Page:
Occasionally you come across a kind of theological divide in EdTech around whether to focus on learning through the iPad or via the laptop. Which is like wondering whether to have fish or vegetables for your dinner. Both are fine, but they don’t fill the same need.
The problem with seeing the laptop/iPad issue as an either or is that they can complement each other, not replace them. Effectively, you should see one as an instrument of consumption and one as an instrument of creation.
So, budget allowing (and recognising that is not a trivial issue), schools should look at how the iPad can encourage the consumption of content, especially that which is ‘native’ to the hardware – content which encourages an almost physical interaction – using the fingers to zoom in on detail or to rotate or swipe. It’s that tactile element which is especially important for younger pupils.
The iPad (or, indeed other tablets, the brand here is shorthand for tablet) also enables students to create their own media – take pictures, record audio, and video, and to do so on the hoof, telling multimedia stories that demonstrate their understanding of a subject in ways which the old-fashioned essays never could.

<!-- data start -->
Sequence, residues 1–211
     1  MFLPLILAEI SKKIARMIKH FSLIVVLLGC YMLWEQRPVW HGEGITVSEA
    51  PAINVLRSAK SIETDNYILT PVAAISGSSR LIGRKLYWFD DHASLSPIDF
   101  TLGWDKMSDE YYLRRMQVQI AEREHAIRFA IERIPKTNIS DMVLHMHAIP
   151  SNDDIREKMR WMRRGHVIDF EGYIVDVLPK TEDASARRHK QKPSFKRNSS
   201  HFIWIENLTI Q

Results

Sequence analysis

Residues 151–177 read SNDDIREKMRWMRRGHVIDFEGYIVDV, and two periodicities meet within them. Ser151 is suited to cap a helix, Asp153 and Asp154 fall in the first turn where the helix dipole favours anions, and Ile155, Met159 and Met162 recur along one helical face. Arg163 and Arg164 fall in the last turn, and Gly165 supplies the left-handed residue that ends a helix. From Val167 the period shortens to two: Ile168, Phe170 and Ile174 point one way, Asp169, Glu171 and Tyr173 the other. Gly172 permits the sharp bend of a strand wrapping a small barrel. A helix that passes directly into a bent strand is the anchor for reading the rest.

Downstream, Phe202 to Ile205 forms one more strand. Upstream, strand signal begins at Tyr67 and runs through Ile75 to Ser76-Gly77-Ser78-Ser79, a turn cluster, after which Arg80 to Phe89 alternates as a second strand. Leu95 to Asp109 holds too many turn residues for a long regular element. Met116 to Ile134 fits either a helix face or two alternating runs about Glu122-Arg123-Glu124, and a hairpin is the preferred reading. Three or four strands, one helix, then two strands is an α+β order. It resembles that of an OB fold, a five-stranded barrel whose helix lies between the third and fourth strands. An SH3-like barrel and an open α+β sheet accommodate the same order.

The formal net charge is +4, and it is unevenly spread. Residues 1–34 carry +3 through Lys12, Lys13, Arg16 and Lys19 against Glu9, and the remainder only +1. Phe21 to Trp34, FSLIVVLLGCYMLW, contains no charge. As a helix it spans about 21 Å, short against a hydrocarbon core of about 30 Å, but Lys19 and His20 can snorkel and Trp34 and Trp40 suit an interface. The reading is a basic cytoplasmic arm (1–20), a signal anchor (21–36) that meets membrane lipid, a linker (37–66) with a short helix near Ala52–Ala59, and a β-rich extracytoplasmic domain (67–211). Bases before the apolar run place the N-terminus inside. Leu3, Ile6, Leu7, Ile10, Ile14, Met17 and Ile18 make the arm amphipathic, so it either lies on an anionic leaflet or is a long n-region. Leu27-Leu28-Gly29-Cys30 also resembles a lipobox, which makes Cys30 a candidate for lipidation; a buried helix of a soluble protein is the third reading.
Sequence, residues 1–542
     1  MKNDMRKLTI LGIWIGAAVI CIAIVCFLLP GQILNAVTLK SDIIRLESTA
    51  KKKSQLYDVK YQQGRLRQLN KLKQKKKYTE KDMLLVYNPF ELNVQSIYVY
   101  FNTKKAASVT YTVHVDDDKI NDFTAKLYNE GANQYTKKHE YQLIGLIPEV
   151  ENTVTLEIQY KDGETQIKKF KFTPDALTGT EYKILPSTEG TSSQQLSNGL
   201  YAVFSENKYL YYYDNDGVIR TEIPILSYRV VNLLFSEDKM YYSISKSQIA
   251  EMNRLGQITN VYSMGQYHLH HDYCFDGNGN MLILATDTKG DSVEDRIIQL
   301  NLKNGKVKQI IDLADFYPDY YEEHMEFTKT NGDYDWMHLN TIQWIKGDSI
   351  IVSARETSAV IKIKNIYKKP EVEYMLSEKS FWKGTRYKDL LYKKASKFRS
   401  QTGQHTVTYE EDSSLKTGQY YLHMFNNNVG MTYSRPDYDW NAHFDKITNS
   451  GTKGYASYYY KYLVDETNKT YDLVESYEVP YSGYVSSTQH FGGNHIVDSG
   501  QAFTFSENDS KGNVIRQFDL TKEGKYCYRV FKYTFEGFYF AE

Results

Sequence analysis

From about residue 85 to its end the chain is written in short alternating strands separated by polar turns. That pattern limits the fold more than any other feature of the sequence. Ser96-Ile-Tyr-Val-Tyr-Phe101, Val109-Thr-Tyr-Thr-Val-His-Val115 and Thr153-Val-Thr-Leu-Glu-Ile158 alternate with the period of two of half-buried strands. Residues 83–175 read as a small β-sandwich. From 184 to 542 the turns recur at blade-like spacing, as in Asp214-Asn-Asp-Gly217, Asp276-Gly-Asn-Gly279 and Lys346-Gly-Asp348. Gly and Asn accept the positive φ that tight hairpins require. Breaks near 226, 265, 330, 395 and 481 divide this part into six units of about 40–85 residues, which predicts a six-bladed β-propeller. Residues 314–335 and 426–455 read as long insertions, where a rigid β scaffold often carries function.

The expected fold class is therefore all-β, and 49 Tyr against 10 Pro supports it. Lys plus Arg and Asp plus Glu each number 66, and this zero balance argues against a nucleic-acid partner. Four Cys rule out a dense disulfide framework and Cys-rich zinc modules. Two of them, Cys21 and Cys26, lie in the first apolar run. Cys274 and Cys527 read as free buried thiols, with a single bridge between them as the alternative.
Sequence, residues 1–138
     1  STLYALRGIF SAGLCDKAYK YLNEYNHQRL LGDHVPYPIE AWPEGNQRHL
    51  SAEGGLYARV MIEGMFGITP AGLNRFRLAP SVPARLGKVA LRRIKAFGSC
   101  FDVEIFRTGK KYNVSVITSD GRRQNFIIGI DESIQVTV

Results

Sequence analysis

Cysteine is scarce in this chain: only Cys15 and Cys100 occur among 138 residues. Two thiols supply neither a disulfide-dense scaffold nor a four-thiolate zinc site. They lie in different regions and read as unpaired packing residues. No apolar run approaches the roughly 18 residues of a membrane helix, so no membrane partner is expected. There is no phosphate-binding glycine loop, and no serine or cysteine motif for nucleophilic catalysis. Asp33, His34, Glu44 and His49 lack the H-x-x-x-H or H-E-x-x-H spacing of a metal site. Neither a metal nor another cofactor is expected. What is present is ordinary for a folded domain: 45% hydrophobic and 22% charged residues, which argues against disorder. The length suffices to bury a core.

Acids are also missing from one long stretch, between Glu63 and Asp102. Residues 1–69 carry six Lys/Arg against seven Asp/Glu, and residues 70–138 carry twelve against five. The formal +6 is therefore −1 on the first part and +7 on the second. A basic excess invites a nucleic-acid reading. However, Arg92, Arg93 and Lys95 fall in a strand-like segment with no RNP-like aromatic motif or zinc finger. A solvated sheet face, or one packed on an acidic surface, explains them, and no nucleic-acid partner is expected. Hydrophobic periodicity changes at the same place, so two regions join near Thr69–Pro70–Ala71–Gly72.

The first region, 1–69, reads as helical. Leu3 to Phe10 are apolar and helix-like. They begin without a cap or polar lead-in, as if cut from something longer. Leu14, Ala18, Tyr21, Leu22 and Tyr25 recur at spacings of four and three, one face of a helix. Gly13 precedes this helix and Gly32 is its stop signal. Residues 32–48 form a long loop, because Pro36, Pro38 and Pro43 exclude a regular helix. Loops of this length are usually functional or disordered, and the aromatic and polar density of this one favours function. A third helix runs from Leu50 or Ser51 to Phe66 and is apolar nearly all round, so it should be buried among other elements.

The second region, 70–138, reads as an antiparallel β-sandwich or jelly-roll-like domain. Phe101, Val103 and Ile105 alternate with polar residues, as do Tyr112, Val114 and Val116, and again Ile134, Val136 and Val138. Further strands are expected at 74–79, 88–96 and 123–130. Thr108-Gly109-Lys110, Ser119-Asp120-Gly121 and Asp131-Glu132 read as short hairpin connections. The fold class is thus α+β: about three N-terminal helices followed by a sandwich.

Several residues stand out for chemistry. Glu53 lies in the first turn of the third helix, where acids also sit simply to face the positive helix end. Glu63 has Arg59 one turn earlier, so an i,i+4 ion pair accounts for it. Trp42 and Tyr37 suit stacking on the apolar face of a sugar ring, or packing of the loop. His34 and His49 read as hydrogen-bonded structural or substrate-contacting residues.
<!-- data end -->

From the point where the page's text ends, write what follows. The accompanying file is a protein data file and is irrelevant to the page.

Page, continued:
Which is fine – but the old-fashioned essay has its place. Long-form writing is still the way many students will be assessed in many subjects and the serious research and creation of full-length projects is still better suited to the laptop. Try tapping out a few thousand words on a tablet. If you want students to do the hard yards and create work of complexity then the iPad skims the surface too much, it feels too frivolous a device. And if your workflow for home assignments is based around creation documents in shared formats and uploading them to a shared environment, then the laptop is the only way.
For convenience, and creativity, reach for the iPad. To draw it together in some serious work, flip open the laptop.